The Metropolitan Transportation Authority (MTA) today announced that as a result of work completed in March 2014 in response to the Federal Railroad Administration’s Emergency Order 29, MTA Long Island Rail Road and MTA Metro-North Railroad are already in compliance with the recommendations made today to all U.S. passenger railroads by the Federal Railroad Administration in its Safety Advisory 2015-03.
“Safety is the MTA’s top priority,” said MTA Chairman and CEO Thomas F. Prendergast. “We acted quickly and decisively in to shore up a potential safety hazard as soon as it was identified by the Federal Railroad Administration.”
The safety advisory issued today recommends that all United States passenger railroads “identify locations where there is a reduction of more than 20 mph from the approach speed to a curve or bridge and the maximum authorized operating speed for passenger trains at that curve or bridge,” and “Automatic Train Control (ATC) systems (if in use) to ensure compliance with speed limits.”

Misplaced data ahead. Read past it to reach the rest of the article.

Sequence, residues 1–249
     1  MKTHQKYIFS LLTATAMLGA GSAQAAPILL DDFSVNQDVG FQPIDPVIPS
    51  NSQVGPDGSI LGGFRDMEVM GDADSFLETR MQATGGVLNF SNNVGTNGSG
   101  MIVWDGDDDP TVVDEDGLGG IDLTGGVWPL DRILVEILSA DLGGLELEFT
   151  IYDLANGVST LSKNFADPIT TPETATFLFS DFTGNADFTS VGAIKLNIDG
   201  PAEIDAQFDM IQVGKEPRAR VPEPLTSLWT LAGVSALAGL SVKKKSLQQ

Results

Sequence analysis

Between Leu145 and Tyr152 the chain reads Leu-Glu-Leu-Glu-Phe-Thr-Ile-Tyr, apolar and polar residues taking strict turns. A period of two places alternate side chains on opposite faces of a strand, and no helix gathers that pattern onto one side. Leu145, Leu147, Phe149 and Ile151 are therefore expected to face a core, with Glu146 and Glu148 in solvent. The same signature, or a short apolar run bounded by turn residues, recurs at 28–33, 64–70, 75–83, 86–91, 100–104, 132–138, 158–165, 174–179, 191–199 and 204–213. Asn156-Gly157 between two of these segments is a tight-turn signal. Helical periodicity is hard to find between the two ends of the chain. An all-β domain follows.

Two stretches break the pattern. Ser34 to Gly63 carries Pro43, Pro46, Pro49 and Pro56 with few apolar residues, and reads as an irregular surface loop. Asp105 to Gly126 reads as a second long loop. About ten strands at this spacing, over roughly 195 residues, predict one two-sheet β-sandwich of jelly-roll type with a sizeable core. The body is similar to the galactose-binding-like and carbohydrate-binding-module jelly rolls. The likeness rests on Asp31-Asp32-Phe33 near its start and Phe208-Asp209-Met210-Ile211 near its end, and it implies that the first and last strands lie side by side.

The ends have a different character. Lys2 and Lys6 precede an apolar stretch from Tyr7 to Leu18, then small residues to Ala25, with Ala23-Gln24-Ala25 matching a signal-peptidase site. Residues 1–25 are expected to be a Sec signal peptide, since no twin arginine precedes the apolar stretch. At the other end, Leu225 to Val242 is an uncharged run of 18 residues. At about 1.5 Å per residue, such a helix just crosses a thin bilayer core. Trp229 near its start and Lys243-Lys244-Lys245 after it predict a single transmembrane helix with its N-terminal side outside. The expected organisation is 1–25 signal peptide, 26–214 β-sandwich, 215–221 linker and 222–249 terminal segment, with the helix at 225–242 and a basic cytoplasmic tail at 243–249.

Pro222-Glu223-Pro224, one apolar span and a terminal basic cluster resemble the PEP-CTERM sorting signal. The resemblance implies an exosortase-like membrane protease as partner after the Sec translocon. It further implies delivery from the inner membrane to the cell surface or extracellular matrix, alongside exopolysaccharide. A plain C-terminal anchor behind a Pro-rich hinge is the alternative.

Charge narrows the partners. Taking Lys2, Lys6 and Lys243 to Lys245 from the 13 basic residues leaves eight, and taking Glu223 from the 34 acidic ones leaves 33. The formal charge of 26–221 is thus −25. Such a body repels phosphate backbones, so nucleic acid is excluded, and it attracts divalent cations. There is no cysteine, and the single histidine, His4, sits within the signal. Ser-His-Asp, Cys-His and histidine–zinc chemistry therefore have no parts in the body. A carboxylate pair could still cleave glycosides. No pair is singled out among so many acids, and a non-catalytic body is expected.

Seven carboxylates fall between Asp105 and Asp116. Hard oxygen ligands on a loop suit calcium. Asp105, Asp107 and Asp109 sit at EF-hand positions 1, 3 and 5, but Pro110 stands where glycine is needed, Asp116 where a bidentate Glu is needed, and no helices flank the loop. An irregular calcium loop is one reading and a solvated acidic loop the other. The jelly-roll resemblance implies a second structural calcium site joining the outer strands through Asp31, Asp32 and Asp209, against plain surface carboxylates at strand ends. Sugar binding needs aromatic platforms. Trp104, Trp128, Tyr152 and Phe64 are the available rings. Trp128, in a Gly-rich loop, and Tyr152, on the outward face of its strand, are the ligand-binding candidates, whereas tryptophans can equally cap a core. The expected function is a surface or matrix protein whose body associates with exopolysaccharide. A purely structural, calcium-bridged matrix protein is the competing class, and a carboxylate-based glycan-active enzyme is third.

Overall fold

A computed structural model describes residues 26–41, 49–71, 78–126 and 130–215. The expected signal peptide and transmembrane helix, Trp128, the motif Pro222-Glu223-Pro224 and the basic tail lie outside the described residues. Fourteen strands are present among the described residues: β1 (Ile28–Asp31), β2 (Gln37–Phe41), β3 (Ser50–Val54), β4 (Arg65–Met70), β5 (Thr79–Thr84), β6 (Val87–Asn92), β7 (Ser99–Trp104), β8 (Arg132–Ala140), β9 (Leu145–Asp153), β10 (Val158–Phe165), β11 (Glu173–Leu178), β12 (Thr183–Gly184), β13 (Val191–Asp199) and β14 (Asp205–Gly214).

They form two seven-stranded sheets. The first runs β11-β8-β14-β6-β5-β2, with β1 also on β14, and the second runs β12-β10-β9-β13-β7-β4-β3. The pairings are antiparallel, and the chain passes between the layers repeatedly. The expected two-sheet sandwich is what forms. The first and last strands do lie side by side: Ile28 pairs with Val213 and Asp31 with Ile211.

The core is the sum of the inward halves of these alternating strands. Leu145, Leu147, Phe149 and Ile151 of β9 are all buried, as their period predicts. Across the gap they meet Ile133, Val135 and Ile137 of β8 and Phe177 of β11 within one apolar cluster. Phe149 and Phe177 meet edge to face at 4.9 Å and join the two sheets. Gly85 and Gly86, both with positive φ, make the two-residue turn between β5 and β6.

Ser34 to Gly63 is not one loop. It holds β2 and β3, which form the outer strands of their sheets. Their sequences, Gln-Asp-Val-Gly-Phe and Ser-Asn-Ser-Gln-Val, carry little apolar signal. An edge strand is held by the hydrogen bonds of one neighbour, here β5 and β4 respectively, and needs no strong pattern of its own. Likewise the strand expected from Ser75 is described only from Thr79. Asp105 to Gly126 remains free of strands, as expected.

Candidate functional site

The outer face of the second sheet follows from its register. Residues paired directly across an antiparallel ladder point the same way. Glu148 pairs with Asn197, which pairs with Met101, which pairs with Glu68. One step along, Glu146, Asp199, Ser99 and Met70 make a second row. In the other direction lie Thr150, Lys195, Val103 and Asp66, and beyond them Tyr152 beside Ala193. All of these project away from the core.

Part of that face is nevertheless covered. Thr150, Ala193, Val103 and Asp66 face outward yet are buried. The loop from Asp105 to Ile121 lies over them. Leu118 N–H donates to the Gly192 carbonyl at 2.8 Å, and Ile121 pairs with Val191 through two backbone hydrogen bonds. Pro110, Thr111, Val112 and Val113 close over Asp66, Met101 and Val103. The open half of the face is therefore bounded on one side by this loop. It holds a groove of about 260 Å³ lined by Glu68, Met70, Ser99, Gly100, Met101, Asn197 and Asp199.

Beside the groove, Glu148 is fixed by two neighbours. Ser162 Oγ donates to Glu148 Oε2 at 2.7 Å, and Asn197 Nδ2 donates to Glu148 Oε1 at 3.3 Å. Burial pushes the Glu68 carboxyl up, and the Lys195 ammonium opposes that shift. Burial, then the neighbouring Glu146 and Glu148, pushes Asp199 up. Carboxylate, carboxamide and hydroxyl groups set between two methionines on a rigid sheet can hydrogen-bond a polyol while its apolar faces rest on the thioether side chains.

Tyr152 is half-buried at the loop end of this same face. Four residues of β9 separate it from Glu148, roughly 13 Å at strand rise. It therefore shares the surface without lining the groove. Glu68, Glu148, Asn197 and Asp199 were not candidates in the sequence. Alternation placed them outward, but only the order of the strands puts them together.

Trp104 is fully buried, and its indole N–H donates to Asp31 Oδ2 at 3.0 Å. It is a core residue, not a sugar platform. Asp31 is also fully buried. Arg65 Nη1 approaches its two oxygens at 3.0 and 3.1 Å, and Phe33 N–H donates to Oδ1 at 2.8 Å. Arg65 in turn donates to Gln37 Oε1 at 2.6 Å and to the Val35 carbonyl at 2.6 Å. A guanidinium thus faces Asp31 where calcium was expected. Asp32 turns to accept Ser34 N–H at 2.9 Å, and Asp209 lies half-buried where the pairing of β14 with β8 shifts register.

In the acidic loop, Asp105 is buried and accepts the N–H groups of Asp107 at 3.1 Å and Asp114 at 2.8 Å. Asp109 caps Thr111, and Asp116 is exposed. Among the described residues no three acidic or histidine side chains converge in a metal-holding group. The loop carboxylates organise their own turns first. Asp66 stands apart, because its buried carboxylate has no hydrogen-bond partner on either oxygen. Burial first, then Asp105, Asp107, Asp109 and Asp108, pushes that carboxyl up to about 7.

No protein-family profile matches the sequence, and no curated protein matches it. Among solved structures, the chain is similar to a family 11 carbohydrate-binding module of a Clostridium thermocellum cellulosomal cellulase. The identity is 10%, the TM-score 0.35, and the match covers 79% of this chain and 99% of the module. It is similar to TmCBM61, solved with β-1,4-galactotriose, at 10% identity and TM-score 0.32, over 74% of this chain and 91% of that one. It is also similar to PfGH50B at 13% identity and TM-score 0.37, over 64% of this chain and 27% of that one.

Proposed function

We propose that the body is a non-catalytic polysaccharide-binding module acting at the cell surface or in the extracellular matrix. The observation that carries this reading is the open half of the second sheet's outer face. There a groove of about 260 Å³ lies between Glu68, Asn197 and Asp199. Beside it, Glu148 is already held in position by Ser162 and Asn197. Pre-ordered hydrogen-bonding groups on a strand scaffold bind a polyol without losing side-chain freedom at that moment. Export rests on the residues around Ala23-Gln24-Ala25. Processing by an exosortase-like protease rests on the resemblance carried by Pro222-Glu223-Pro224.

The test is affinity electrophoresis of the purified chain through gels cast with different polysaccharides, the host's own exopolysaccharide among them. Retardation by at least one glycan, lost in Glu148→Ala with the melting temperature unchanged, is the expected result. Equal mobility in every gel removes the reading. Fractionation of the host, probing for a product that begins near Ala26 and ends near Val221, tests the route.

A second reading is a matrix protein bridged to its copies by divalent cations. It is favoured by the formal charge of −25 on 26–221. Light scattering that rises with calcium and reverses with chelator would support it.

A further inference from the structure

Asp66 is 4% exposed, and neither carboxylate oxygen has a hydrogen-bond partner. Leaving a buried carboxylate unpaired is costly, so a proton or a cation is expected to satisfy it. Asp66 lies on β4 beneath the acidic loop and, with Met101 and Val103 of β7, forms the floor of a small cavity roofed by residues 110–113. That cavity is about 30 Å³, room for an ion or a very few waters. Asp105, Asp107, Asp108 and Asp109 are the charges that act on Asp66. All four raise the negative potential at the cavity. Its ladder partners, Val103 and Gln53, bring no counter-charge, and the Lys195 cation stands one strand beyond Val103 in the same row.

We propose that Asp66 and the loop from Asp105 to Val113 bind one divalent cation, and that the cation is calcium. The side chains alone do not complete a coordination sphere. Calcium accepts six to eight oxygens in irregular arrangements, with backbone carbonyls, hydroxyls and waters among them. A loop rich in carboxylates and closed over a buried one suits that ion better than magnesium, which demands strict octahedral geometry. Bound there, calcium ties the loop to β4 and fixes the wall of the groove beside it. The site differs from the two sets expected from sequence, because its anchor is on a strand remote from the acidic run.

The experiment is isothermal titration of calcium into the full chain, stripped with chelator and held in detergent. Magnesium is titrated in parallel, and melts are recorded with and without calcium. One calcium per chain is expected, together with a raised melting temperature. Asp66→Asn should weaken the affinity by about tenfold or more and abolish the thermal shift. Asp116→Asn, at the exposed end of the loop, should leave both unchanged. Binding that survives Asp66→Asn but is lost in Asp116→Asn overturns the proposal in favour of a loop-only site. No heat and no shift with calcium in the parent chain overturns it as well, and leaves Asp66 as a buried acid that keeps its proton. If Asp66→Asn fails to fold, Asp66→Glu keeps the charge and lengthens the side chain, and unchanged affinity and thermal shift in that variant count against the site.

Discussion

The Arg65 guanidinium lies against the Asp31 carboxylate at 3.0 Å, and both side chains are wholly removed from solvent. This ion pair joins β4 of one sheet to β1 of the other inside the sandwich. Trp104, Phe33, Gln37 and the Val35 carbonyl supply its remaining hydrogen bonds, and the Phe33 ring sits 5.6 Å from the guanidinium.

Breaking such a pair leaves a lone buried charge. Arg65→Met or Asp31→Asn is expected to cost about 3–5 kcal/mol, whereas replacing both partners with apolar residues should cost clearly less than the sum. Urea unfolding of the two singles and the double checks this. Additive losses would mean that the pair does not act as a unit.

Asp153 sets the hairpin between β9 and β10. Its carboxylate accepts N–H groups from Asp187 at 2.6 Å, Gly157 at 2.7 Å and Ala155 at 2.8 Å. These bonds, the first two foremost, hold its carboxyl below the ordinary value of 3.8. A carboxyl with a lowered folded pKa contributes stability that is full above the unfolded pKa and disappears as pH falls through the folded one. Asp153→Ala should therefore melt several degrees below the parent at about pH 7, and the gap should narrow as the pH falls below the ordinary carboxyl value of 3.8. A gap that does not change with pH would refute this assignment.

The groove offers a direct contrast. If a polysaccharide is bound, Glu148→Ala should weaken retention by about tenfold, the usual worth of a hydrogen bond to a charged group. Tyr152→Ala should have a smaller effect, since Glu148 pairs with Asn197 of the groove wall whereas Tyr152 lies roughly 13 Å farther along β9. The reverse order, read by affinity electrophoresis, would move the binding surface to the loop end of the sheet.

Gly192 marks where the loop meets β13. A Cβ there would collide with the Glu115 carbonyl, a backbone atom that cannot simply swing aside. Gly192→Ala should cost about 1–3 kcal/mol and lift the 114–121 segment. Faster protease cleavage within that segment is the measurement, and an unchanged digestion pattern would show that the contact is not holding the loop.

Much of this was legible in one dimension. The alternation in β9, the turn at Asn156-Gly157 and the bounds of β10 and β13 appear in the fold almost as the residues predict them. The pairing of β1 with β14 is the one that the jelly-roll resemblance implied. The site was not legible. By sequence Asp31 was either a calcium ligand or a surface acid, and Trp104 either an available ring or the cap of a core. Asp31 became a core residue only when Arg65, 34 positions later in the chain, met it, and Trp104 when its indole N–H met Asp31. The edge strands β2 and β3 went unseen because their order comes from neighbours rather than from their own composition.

Under the enhancements to signal systems, a train that was traveling too quickly into a curve where a speed reduction of 20 miles per hour or more is required would automatically slow itself to the required speed in the event that the train’s engineer failed to do so.
The federal agency’s recommendation mirrors a requirement it issued in December 2013 to Metro-North Railroad, which the MTA also applied to the Long Island Rail Road. As a result, the LIRR completed modifications to its signal system by March 2014 to create automatic civil speed enforcement at seven locations: Hicksville on the Ronkonkoma Branch; Hicksville on the Port Jefferson Branch; Syosset; three separate locations between Hicksville and Huntington on the Port Jefferson Branch; and the Hall Interlocking east of Jamaica. And Metro-North did the same at Bridgeport, Port Chester, Spuyten Duyvil, White Plains and Yonkers.